(originally published on October 1, 2017)
I recently had the pleasure of being able to ask some questions to The Biggest Loser 3 Contestant, Kai Hibbard. I was excited to be able to talk to her because she has been very brave when it comes to speaking out against the show that made her famous. Kai has been vocal about the problems she’s had with the series while using her voice to promote the dangers of dieting and how to go about living a more healthy, stable lifestyle.
The following is the Q&A I did with Kai:
1. How did the selection process go for The Biggest Loser?
For my season there were casting calls all over the country and there was also an application and video submission process for those people who could not attend a casting call. In addition, there was an approximately week long evaluation process in LA that included interviews and some mental and physical health evaluations.
2. Did they greatly exaggerate the changes you would make by doing the show?
I don’t think they greatly exaggerated the changes that contestants made, what they distorted were the time frames and methods used to achieve the changes that the viewing audience witnessed.
3. How qualified was the “doctor” the show had to monitor the contestants?
The doctor is an incredibly qualified Harvard educated doctor. The mental health professional to the best of my knowledge was less qualified- however, the show presents it as though we had regular access to both these individuals when for my season that was not true.
4. Did the trainers push you all way past what was considered safe in regards to your workouts?
Yes, if you look at what is medically safe for physical training for any individual beginning an exercise regimen some of the methods employed by the trainers would be deemed unsafe. Jillian Micheals has been quoted saying that she would not train people in “real life” the way that she trains the contestants on TBL. There is no reason that a personal trainer would or should work a client to the point of vomiting, which occurred on my season.
5. You said you developed an eating disorder after the show? Would you mind talking about how that started and how you recovered since then?
I did not develop an eating disorder as I have never been formally diagnosed with one, what I developed was disordered eating habits. It may seem like a small distinction, but it is an important one. It started by having poor nutritional advice from production on the show and being isolated from professionals connected to the show like the registered dietician who may have provided nutritional advice based in sound medical practice and science. The severe restriction and over training on the show contributed to my developing disordered eating habits. My recovery has been a long process that has involved multiple relapses, and has been affected by my diagnosis of rheumatoid arthritis in 2016 and what it has been like living with a chronic illness. I rely heavily on my primary doctor, my rheumatologist, a registered dietician specifically trained in intuitive eating/disordered eating and my therapist.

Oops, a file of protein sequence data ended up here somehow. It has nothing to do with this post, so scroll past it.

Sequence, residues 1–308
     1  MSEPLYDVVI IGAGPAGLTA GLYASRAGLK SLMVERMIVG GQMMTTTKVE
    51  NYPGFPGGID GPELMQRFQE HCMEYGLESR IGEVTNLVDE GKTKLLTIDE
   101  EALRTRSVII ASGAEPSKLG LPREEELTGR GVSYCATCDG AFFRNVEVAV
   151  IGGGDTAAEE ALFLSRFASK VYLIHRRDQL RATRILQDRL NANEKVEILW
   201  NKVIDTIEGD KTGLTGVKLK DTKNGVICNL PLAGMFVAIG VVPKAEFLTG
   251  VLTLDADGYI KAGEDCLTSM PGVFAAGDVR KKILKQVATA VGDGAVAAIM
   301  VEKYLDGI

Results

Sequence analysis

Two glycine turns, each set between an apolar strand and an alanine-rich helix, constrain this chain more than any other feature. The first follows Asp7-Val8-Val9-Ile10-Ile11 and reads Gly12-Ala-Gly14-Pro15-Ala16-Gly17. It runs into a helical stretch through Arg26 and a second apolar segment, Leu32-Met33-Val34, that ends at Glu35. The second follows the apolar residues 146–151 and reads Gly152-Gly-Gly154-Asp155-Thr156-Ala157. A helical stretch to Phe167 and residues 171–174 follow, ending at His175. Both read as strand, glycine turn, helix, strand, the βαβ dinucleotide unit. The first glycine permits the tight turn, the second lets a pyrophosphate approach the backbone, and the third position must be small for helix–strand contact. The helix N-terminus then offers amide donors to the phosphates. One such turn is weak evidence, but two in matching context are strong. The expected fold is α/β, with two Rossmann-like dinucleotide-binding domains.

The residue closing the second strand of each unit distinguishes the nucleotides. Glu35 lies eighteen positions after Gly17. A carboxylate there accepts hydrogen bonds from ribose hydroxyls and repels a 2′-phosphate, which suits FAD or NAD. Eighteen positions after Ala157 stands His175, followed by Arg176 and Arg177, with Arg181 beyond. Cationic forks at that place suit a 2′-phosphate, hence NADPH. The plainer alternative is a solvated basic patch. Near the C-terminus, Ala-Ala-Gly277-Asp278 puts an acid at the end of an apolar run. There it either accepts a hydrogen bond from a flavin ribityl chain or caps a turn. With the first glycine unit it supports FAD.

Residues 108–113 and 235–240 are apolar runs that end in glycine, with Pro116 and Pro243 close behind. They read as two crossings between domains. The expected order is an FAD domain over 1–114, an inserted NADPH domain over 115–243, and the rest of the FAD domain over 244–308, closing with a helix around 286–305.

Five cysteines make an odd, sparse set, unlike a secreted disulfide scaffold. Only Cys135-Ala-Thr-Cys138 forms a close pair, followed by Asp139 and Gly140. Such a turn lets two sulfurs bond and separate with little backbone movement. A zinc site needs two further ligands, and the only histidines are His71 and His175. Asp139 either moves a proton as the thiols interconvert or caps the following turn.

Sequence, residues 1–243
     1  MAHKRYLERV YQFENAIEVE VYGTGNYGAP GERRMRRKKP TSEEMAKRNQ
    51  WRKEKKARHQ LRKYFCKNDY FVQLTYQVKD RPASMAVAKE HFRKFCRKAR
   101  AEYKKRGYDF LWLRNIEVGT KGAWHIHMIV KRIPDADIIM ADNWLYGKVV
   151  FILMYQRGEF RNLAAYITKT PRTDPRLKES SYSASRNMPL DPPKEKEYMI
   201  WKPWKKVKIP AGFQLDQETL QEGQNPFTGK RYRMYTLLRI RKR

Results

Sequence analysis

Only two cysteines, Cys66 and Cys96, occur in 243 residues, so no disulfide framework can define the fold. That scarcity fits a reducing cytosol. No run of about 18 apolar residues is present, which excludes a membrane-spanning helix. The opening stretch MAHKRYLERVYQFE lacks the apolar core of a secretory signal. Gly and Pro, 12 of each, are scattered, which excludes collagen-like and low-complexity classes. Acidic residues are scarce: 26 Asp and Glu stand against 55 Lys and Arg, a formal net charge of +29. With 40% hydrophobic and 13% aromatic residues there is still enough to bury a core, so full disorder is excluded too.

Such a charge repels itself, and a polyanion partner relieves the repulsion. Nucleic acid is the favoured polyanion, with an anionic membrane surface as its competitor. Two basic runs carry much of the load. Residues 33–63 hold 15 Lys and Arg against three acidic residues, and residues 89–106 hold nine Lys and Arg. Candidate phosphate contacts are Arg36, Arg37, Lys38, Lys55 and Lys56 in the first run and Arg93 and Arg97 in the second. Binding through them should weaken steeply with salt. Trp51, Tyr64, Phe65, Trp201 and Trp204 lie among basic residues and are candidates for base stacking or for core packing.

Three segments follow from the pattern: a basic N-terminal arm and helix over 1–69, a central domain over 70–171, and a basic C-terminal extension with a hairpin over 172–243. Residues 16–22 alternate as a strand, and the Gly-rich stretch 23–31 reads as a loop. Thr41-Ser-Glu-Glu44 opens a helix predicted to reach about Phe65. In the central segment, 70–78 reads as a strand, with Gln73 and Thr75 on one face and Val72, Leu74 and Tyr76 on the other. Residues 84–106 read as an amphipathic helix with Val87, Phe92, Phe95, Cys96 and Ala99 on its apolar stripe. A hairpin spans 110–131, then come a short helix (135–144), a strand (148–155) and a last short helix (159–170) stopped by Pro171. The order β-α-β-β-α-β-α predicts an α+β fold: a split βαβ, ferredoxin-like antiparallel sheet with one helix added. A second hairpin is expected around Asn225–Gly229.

6. When was the moment where you couldn’t keep silent any longer and made the brave decision to speak out against the show?
The very first interview I was asked to give after my finale when NBC wasn’t writing my quotes for me. The August 2007 issue of Time magazine.
7. For a long time, weight loss shows similar to the Biggest Loser were popping up left and right. How did you feel seeing this rise on popularity with these types of shows?
It made me incredibly sad and frustrated, and I have connected with contestants from these other programs and am equally incensed about their experiences as I am over those people that participated in TBL.
8. What is your life like today? Also, what would you say to others that are struggling with their weight?
My life is happy, and fulfilling while also being filled with what the day to day of living with a chronic illness is like. I learned nothing but extremes from TBL and having RA has FORCED me into moderation and into being kinder to my body.
I would say that I know now that 95% of all diets undertaken to achieve weight loss fail, and I could not in good conscience recommend dieting to anyone- I do however feel comfortable recommending that people find a way to move their bodies because they want to love it and nurture it. Find something you enjoy so that you continue it on a consistent basis. I would also recommend that people remember there are physically healthy foods and there are psychologically healthy foods and both are important to balance. I would also recommend that people pick up Rebecca Scritchfields book “Body Kindness,” Harriet Brown’s book “Body of Truth,” Linda Bacons “Health at Every Size” and “The Intuitive Eating Handbook.”
Thank you very much Kai! You are an inspiration to me and many, many others. I am forever grateful that you chose
to do this interview with me. You can find Kai on Facebook here!